Friday, October 20, 2006

1001 books

So there's a new list of 1001 books you must read before you die. I downloaded the list, and started reading through it, ticking off titles I've read.

Then I realised that reading isn't a competitive sport. I remembered that half the books I've been told I 'must' read have left me cold. Half the big phenomenon books don't live up to the hype - I don't know that many books could live up to the ecstatic, foam-at-the-mouth ravings you find on the back covers.

And also - reading takes a varied, forking, tangential path. I don't think I like the idea of moving steadily through a list, nodding along with every other reader in the Western world, accepting the 'greats' and discarding all the other oblique, strange, off-list books that never make it for some reason. What about the 'withdrawn' library books that have never been borrowed but turn out to be phenomenal, unpopular revelations? I think all we can do is write our own lists.

Sod the official list. Here's mine, in no particular order, of some books I've loved and loved:

The Saddest Pleasure, by Moritz Thomsen
Living's the Strange Thing, by Carmen Martin Gaite
Snow is Silent, by Benjamin Prado
Chekhov's shorts
A confederate general from big sur - Richard Brautigan
Toward the end of time - John Updike
Norwegian wood - Haruki Murakami
The Unbearable lightness of being - Milan Kundera
Herzog by Saul Bellow
Old man and the Sea - Hemingway
Unless - Carol Shields
Living Dead girl - tod goldberg
Enormous changes at the last minute - Grace Paley
Things you should know - AM Homes
My life in heavy metal - Steve Almond
Janet Evanovich's Plum books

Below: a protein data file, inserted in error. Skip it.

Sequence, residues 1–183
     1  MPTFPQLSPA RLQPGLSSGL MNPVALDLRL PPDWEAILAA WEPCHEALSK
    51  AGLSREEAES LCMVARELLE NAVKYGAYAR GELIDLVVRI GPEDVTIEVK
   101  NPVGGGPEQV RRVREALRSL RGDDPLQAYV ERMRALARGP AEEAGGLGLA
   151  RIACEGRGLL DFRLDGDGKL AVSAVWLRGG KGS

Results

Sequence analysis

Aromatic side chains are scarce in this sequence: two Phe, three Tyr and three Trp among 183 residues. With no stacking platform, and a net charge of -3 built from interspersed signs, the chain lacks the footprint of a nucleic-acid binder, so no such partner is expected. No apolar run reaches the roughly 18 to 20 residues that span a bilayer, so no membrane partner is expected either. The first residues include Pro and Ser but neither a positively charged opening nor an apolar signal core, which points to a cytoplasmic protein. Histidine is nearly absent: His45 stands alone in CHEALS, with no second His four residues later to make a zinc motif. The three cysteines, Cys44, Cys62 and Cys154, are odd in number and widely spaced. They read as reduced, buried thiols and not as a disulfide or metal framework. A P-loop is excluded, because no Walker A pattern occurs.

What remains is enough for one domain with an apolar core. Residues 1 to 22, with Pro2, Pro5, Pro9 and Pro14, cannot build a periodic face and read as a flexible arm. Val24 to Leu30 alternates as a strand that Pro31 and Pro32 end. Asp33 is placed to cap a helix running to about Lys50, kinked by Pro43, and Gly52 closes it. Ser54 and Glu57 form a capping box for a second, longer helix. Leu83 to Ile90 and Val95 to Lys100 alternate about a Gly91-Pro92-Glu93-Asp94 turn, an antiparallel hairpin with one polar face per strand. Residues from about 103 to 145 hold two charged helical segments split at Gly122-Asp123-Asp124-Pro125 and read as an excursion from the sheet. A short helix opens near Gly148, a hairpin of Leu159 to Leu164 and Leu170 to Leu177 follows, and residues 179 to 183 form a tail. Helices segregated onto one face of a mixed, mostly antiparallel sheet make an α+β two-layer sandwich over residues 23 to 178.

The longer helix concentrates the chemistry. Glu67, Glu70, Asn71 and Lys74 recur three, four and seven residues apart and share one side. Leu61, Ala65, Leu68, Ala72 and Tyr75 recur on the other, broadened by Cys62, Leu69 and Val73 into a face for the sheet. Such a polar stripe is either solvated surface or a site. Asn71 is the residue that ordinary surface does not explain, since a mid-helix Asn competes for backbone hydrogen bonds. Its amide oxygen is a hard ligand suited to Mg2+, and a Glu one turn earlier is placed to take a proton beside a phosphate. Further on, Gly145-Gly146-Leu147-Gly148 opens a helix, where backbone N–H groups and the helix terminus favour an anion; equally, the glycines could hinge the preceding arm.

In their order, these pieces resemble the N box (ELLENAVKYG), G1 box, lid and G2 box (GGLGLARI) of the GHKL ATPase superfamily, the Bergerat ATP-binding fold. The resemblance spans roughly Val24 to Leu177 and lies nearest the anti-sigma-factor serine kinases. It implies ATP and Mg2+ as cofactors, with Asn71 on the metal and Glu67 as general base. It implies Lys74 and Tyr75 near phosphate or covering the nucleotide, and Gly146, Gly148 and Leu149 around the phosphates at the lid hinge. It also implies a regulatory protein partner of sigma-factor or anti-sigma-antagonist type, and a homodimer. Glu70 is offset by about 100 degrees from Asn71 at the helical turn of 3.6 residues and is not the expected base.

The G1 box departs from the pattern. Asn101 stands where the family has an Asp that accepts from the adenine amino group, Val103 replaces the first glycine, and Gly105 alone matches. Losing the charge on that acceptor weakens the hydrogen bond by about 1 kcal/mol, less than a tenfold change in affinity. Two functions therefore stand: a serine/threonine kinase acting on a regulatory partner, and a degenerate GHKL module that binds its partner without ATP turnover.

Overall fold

....at which point I give up and wander off to read something new, lists losing interest after a few minutes or so.

4 comments:

kristina lloyd said...

Nice list. At the risk of straying too far off-message so early in the game, have you read Geoff Dyer's The Colour of Memory? It's set in 80s Brixton (ie Thatcherite Britain at its finest). Not a pretty place but the book's full of poetry, wit and warmth. I think it's stunning. You might like it.

(I know, I know, your pile of 'Books I Want to Read' is taller that Rapunzel's tower but, hey, that's not a bad problem to have. I also have it but then I plan on living forever.)

Nikki said...

Hi Kristina, nice to see you here!

Not read Dyer at all - I shall look it out, thanks.

And the Books I Want to Read list has plenty space for more titles...

Tod Goldberg said...

That's some pretty nice company! Thanks for making my day.

Nikki said...

Tod Goldberg? No way! Imagine you write a list of your favourite books and then the authors get in touch to say thanks?!

(I'm not holding out for a note from Chekhov, though.)

Cheers Tod - I really did love that book. It was so much more than a murder mystery.